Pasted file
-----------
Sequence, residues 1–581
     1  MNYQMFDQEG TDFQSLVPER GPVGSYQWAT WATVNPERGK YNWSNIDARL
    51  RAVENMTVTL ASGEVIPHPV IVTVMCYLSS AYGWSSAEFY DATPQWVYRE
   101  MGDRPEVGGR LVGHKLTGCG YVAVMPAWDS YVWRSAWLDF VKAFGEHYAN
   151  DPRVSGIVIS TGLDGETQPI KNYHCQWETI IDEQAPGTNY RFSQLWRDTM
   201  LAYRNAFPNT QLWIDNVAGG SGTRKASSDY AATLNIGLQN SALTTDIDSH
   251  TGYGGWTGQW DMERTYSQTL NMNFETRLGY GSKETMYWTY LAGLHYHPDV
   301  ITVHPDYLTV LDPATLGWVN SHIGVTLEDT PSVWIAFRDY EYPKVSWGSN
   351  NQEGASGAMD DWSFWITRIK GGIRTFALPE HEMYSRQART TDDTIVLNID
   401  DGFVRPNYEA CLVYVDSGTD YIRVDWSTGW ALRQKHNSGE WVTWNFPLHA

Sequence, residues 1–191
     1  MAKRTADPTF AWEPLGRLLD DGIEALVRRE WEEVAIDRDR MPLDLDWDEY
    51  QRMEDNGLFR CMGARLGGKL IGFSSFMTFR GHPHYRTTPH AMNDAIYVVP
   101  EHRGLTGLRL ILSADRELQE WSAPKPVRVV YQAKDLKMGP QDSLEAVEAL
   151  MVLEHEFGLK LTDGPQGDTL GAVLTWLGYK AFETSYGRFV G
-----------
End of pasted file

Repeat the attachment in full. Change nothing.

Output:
Sequence, residues 1–581
     1  MNYQMFDQEG TDFQSLVPER GPVGSYQWAT WATVNPERGK YNWSNIDARL
    51  RAVENMTVTL ASGEVIPHPV IVTVMCYLSS AYGWSSAEFY DATPQWVYRE
   101  MGDRPEVGGR LVGHKLTGCG YVAVMPAWDS YVWRSAWLDF VKAFGEHYAN
   151  DPRVSGIVIS TGLDGETQPI KNYHCQWETI IDEQAPGTNY RFSQLWRDTM
   201  LAYRNAFPNT QLWIDNVAGG SGTRKASSDY AATLNIGLQN SALTTDIDSH
   251  TGYGGWTGQW DMERTYSQTL NMNFETRLGY GSKETMYWTY LAGLHYHPDV
   301  ITVHPDYLTV LDPATLGWVN SHIGVTLEDT PSVWIAFRDY EYPKVSWGSN
   351  NQEGASGAMD DWSFWITRIK GGIRTFALPE HEMYSRQART TDDTIVLNID
   401  DGFVRPNYEA CLVYVDSGTD YIRVDWSTGW ALRQKHNSGE WVTWNFPLHA

Sequence, residues 1–191
     1  MAKRTADPTF AWEPLGRLLD DGIEALVRRE WEEVAIDRDR MPLDLDWDEY
    51  QRMEDNGLFR CMGARLGGKL IGFSSFMTFR GHPHYRTTPH AMNDAIYVVP
   101  EHRGLTGLRL ILSADRELQE WSAPKPVRVV YQAKDLKMGP QDSLEAVEAL
   151  MVLEHEFGLK LTDGPQGDTL GAVLTWLGYK AFETSYGRFV G